How laws are made

Act passed in 1837 is amended in 2020 by act passed in 2000

The problem: section 9 of the Wills Act 1837 (as amended in 1982) says that

No will shall be valid unless—

(a) it is in writing, and signed by the testator, or by some other person in his presence and by his direction; and

(b) it appears that the testator intended by his signature to give effect to the will; and

(c) the signature is made or acknowledged by the testator in the presence of two or more witnesses present at the same time; and

(d) each witness either—

(i) attests and signs the will; or

(ii) acknowledges his signature, in the presence of the testator (but not necessarily in the presence of any other witness),

but no form of attestation shall be necessary.

Courts are likely to interpret the words in bold as meaning that the person making the will must sign or acknowledge in the physical presence of the two witnesses. But social distancing during the coronavirus pandemic has made that difficult.

The chosen solution: that the witnesses should be able to watch the will being signed using Zoom, Skype or some other video-conferencing technology.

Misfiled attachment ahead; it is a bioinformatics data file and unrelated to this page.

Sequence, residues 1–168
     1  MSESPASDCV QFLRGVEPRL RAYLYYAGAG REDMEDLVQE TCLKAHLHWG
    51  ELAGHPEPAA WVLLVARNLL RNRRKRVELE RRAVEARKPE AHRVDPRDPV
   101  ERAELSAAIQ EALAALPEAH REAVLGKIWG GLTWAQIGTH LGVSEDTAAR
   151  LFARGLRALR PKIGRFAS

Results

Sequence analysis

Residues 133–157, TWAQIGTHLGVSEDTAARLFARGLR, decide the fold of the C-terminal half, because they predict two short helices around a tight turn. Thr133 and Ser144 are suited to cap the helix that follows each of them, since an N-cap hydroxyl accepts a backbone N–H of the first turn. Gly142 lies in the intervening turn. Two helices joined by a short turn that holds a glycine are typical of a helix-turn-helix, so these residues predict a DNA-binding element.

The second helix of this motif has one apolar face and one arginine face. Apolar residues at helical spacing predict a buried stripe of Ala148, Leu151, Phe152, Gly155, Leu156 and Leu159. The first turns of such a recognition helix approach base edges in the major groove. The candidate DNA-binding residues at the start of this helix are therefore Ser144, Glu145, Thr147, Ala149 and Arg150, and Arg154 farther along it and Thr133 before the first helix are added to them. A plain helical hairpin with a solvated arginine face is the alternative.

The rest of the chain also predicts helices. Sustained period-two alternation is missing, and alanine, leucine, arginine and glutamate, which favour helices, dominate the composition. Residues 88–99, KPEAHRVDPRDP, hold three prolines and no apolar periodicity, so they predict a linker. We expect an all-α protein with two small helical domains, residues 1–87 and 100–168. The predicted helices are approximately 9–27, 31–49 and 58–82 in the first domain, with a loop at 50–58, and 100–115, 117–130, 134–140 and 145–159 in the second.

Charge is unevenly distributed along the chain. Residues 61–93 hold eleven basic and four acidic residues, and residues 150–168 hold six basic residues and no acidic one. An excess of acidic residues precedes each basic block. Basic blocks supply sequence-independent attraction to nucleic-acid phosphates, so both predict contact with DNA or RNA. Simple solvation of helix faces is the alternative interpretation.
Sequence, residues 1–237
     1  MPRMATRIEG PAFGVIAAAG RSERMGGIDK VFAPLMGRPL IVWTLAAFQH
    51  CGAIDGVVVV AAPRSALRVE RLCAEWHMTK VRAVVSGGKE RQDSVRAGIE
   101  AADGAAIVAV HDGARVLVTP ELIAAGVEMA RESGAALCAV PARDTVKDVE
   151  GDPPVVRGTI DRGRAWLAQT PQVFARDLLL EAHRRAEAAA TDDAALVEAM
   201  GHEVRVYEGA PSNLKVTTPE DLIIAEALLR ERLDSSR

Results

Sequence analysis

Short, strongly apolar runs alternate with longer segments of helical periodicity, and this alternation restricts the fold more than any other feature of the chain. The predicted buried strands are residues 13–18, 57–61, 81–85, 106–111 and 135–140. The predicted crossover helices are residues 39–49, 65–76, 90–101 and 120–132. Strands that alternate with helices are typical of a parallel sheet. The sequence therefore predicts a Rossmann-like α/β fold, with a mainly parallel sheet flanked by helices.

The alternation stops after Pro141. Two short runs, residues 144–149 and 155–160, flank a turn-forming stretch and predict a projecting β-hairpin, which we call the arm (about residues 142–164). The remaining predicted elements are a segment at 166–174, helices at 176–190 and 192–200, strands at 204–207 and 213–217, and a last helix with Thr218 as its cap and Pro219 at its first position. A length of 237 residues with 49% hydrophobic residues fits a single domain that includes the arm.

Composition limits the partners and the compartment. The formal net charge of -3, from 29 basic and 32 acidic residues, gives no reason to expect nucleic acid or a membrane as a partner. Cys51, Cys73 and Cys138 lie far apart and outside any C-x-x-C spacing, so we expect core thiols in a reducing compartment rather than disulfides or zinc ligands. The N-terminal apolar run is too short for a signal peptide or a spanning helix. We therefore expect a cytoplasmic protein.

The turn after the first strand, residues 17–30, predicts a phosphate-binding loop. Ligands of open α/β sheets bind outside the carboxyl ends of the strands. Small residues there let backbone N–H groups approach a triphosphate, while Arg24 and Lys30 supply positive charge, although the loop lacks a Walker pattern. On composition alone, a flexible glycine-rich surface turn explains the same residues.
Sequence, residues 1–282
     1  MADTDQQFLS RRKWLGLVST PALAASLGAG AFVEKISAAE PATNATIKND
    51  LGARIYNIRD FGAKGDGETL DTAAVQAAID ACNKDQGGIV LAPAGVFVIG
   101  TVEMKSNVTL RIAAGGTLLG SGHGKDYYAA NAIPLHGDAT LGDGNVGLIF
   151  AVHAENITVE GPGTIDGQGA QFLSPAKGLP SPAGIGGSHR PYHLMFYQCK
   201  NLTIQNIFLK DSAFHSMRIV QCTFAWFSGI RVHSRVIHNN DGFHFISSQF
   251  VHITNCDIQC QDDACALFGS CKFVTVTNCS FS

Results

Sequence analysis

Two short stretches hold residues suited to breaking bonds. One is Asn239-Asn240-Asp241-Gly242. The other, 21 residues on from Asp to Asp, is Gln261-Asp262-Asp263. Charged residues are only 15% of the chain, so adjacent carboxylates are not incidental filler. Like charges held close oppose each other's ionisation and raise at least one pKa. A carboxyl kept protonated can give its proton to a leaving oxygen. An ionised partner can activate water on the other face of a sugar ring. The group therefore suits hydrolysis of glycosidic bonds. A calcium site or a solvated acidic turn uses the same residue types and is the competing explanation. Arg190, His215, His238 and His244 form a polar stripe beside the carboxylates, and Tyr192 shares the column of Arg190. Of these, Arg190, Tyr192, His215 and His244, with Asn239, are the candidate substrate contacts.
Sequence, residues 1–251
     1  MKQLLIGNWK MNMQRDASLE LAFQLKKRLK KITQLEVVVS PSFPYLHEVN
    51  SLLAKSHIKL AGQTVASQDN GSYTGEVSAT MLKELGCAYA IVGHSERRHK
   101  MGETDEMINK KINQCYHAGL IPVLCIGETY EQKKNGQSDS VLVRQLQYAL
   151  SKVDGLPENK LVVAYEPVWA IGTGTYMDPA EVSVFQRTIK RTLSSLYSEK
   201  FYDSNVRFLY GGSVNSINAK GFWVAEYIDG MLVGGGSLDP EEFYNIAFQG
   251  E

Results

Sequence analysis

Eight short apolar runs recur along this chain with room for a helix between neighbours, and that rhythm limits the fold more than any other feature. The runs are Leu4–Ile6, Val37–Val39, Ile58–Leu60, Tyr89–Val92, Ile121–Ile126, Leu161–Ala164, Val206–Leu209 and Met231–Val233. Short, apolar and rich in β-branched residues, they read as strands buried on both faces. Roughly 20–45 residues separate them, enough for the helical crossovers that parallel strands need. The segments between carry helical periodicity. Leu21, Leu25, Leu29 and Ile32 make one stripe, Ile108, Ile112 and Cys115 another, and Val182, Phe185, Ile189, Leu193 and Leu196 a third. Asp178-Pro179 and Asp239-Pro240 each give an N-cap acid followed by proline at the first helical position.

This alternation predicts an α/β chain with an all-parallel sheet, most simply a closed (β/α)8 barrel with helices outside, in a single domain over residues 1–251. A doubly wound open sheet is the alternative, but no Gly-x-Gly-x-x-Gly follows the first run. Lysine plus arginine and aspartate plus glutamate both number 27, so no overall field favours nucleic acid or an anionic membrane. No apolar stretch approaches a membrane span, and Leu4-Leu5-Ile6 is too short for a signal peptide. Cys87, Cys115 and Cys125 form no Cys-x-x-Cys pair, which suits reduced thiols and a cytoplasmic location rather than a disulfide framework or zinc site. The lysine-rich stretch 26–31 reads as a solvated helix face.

The rejected proposals: that the will-maker should be able to sign remotely or use an electronic signature (seen as carrying too great a risk of fraud or undue influence).

The legislative amendment: section 9 of the Wills Act 1837 becomes section 9(1). A new subsection is added, which says:

 (2) For the purposes of paragraphs (c) and (d) of subsection (1), in relation to wills made on or after 31 January 2020 and on or before 31 January 2022, “presence” includes presence by means of videoconference or other visual transmission.

The legislative vehicle: not an act of parliament, as you might expect.

That’s because section 8 of the Electronic Communications Act 2000 allows a secretary of state to

modify the provisions of any enactment or subordinate legislation … in such manner as he may think fit for the purpose of authorising or facilitating the use of electronic communications or electronic storage (instead of other forms of communication or storage) …

So that is what the justice secretary Robert Buckland (pictured) has done by making the Wills Act 1837 (Electronic Communications) (Amendment) (Coronavirus) Order 2020, which comes into force in England and Wales towards the end of this month.

Bit late, isn’t it? Not at all: it will retrospectively legalise wills witnessed electronically since the end of January.

What has Henry VIII got to do with this? The Statute of Proclamations 1539 allowed the king to rule by royal proclamation (a bit like an executive order, I suppose). So a Henry VIII clause in a bill is one that that allows ministers to amend or repeal provisions in an act of parliament using secondary legislation.

And what do we think of those? Not a lot, usually. But on this occasion there was informal consultation with lawyers and others. This handy provision seems to be a simple and effective way of resolving the problem — in the short term, at least.